Some translated excerpts of the book:

In 1674 at the age of 24, we find Jean Rolandeau in the Seigneury de la Rivière-du-Sud (today Montmagny, Québec, Canada) working as a "chaîneur*" with Jean Guyon Du Buisson, the son.

". . . the honest Jean Guyon, who did the land-measuring of the Seigneury of the Rivière-du-Sud . . .
. . . During the most part of summer 1674, the meticulous land surveyor, armed with theodolite and compass; and accompanied by his faithful "chaîneur*" Jean Rolandeau, covered every direction of the vast area of the Seigneury by drawing lines, planting boundary posts, identifying trees and noting in a diary the principal characteristics or the explored territory . . .
. . . and so well he achieved his work, that the actual [1935] land registries remain invariably corresponding to its original reports. This is one of the reasons why the actual ten to twelve thousand Dions of America should not be ashamed to call him "my uncle". As for Jean Rolandeau, one of the first settlers of Saint-Thomas (now a parish within Montmagny), we have enough material to talk of him later in the book. His descendants took the name of Laurendeau . . ."

At that time, Louis Couillard was the wealthy Lord of the Seigneury of the Rivière-du-Sud. On 25 May 1677, he asked the the Count of Frontenac for a new fiefdom for his daughter Geneviève.

" . . . Frontenac granted her with the seigneury of Islet Saint-Jean . . .
. . . At the age of 17 years old, Geneviève Couillard became the Lady of a vast and fertile Seigneury . . .
. . . this new Seigneury, being near Saint Thomas, Louis Couillard could watch the establishment of without losing sight of the colonization of the Rivière-du-Sud. . .
. . . On the 4th of August 1677, he had it measured by Jean Guyon du Buisson and Jean Rolandeau . . ."


Chaîneur is a Québec word that would be fairly translated to "chainman".

The chainman is the one who measures with the "surveyor chain", also known in English as a dekamater

The surveyor chain is a chain of measure that was invented in 1624 by an English mathematician named Edmund Gunther. It is 10 meters in length. In 1996, on page 165 of the book "Topométrie générale", written by Roger Duquette and Ernest P. Lauzon, they explain the following: "The chainman which stays on the initial point is the back chainman and the chainman that is at the other end is the front chainman. A good chaining is a rather difficult and very important operation. It must be entrusted to very competent people. Two chainmen who get along fine can chain fast and well."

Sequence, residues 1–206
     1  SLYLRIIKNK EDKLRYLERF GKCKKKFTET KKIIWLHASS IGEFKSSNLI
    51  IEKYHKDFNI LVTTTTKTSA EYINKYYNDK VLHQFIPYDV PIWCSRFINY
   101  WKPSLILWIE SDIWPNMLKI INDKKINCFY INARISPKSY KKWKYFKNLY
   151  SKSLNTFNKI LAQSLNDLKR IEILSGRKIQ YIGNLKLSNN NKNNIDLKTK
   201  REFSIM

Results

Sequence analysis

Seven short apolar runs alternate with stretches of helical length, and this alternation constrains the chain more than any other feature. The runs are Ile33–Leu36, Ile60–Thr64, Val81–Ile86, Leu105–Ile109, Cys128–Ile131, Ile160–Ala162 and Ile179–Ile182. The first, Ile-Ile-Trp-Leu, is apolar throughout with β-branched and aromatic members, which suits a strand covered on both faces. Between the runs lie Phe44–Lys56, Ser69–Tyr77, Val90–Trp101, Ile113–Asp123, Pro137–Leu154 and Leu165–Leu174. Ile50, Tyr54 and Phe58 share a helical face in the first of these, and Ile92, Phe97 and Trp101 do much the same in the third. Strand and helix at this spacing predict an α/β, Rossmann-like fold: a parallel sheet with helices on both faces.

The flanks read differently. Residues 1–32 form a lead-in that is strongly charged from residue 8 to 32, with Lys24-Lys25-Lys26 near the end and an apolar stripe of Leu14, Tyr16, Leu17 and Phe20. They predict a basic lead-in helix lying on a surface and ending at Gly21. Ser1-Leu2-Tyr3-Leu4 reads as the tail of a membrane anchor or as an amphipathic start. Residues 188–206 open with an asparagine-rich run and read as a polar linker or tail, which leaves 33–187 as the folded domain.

Picture of the chain used by our best chainman Jean Rolandeau

Because I know the Québec forest so well, based on what we have just read I can tell you that our first ancestor, Jean Rolandeau, had a very demanding and strenuous job. I can only hope that the King gave him a big salary for all of his hard work!

Little talks 3 Little Talks Three

The Guyon's stars are now shining in the skies of the many people with French-Canadian ancestors. If we add some more of these stars to Mary Lynn Falgout Lorando's sky, she will find some surprises!

The following French web page describes a number of celebrities who trace their family line back to Jean Guyon and Madeleine Robin. Here you will find information about Céline Dion, Madonna, Hillary Clinton, and many more. All of them are descendants of Jean and Mathurine, which makes all of them Guyon family cousins. I hope those of you who read the website get a lot of pleasure out of discovering newfound cousins, newfound stars in your skies!

The Guyon's little talks is written by
Jean Laurendeau
March 2015
I thank the admirable patience of Keith Lorando for the correction of my translation of this text from French to English.


Pierre Octave Falgout and Desire Galgout
Pierre Octave Falgout, the little boy with the hat is Desire Falgout; invaluable picture taken around 1890.

Adelia Chauvin and Desire Falgout
Adelia Chauvin and Desire Falgout; this picture was taken around 1950.

Guy Falgout Sr., 1976
Guy Falgout Sr., Retirement Ceremony, 1976

Barbara Falgout, 1985
Barbara Falgout, 1985

If you have a picture of anybody on this page that you would like to share with us, please contact Keith Lorando at the e-mail address listed below. Your picture may help us reach our goal of showing one picture for each person listed above.

Copyright © since 2005, Jean Laurendeau / © 2014, Keith Lorando.
In the name of our ancestors, we tell you thank you for your visit

If you want to contact Keith Lorando (author of this page) about any of this information,
feel free to send him an e-mail at